You know those puzzles where you have to remember how many people have entered and exited a house, and what the final count is? I had one of those classes a while ago.
First of all, at this school each class has a main teacher, an Assistant teacher (me) and a team-teacher, another English teacher who checks workbooks and such. At first I was dubious about this practice – on one hand it would hold the teachers accountable – they couldn’t be taking naps or throwing fits like at my last school. On the other hand, there’s often not enough for me to do, and I loiter around the corners getting in the way and breathing over the students’ shoulders. How much worse would it be with three?
One day, K-sensei (the only male) was the main, and S-sensei (a cheerful young woman) was the team. They told me I didn’t need to come to this class since there was two of them. But I don’t want people thinking I’m dispensable – what’s that job about Jury Duty, “My boss can get along without me but I don’t want him to realize it”? So the three of us go to K-sensei’s homeroom class.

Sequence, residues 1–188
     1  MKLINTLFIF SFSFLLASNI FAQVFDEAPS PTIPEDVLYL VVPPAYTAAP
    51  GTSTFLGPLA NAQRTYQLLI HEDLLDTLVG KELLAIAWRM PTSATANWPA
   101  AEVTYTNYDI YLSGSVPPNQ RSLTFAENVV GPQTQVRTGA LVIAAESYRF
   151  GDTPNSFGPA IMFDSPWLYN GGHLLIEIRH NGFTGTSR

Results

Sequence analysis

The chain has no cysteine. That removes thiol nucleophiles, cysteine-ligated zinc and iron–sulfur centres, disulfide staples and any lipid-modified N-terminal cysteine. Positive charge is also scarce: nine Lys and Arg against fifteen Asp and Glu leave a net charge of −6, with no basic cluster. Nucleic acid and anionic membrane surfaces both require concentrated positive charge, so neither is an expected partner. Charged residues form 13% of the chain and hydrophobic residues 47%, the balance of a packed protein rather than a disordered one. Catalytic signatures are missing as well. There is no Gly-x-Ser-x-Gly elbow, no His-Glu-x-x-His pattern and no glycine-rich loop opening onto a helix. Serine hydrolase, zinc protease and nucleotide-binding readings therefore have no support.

29 students have already entered. Enter three teachers. Bell rings. 7 more students rush in and take their seats. K-sensei makes them stand and explain where they were. This is fairly standard, especially with classes taught by the homeroom teacher – they often blur the line between “teaching” and “discipline.” K-sensei seems to accept the apologies until they’re all seated – then very suddenly, he is angry.